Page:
Honey bee health: guidance
Guidance on policy, pests, legislation and inspection relating to bees in Scotland.
The Scottish Government is responsible for bee health policy in Scotland and the legislative control for the health of managed honey bees.
Strengthened partnership working between government departments, beekeeping associations and individual beekeepers is essential if opportunities are to be taken and current and emerging threats to bee health are to be addressed. The Scottish Government works closely with colleagues in the SASA, Scotland’s Rural College (SRUC) and the National Bee Unit (NBU) and take biosecurity and any threat to the sustainability of the apiculture sector very seriously.
Science and Advice for Scottish Agriculture (SASA) provides a free diagnostic service to beekeepers to identify and confirm the presence of bee diseases and pests with a rapid turnaround time.
In Scotland there are currently around 1,400 hobby beekeepers who are members of the Scottish Beekeepers Association (SBA), with an estimated further 1,000 hobbyists who are not. There are also around 25 commercial bee farmers who are members of the Bee Farmers Association (BFA) whose businesses depend on the management of healthy honey bees.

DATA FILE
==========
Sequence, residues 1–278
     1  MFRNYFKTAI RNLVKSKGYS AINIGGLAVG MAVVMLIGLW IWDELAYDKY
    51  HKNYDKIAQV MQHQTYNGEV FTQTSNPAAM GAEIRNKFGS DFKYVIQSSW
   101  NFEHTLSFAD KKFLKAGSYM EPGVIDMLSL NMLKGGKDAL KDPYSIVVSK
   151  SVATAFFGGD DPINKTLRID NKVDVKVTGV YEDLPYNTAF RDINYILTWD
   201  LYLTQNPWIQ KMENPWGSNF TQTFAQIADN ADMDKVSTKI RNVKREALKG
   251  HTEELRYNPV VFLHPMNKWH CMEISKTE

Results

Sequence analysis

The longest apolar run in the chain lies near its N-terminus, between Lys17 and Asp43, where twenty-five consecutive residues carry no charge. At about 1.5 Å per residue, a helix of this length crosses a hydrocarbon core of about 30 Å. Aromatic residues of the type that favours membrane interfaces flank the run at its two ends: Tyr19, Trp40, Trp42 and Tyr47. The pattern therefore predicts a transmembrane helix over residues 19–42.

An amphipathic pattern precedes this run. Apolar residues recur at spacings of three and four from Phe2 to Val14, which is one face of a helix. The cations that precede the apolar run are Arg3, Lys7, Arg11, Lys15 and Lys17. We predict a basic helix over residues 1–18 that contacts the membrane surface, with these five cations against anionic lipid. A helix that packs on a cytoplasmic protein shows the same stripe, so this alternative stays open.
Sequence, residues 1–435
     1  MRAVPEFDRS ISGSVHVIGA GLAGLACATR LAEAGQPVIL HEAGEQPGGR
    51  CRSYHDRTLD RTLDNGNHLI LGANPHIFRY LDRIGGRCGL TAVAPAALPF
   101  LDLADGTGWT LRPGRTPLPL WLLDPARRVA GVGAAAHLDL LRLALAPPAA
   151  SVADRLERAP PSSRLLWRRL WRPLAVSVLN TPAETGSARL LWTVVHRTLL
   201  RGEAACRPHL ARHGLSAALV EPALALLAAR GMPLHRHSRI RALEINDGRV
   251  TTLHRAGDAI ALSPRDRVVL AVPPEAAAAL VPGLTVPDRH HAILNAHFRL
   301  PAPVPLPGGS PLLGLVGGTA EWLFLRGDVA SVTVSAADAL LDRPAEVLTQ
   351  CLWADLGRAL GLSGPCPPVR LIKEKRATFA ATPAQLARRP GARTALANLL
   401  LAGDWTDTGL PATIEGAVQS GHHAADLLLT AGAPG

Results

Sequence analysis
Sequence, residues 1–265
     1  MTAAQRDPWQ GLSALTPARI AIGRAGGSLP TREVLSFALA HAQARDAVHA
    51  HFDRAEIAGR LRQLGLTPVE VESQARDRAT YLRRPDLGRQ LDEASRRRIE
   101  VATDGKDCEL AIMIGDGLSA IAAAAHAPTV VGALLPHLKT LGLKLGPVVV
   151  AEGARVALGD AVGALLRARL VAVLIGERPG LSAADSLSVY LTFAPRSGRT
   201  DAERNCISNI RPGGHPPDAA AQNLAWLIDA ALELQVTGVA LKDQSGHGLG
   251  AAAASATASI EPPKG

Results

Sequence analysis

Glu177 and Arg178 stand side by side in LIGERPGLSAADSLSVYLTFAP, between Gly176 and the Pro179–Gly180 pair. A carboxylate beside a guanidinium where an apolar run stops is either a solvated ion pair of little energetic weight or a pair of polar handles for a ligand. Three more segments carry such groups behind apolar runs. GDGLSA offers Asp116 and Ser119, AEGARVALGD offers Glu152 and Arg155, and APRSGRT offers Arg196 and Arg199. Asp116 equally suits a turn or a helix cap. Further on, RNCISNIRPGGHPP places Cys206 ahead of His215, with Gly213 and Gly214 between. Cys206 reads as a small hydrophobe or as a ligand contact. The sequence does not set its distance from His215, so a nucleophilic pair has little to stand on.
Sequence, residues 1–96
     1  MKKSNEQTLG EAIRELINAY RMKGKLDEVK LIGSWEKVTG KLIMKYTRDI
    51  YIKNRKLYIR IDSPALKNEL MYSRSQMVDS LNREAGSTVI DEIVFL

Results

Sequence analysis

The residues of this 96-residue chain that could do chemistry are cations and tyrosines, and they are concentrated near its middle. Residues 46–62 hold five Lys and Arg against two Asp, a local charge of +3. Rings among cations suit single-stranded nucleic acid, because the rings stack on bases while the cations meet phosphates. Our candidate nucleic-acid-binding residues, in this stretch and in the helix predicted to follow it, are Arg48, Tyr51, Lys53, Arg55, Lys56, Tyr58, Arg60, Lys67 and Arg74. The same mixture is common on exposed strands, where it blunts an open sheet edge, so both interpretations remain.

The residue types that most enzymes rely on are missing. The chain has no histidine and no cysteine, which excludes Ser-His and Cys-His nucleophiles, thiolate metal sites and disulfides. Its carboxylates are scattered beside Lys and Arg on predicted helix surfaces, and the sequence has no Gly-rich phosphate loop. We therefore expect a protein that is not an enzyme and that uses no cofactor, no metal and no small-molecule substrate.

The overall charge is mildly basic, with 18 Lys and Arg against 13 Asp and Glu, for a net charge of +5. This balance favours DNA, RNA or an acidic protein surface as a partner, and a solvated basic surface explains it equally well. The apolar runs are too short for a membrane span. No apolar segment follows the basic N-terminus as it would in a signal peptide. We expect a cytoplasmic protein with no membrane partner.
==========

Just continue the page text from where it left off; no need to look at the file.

All beekeepers have a significant role to play in ensuring disease management and control measures within their own apiaries are in order and have a legal obligation to report any suspicion of a notifiable disease or pest to us by emailing Bees_mailbox@gov.scot
There is a range of information available to beekeepers on the National Bee Unit (NBU) website BeeBase.
Beekeepers are encouraged to register on BeeBase which gives information to help those with an interest in honeybee health to keep their bees healthy.
BeeBase is also our best tool for disease control as it allows us to know the location of all registered apiaries,therefore,making possible identification of possible contacts with the disease. Registered Beekeepers get notifications automatically by email if disease is found within a 3km radius of their apiaries so they can increase their health monitoring.
Bee health awareness days
Bee health awareness days usually take place each year however, due to current restrictions, are postponed until further notice.
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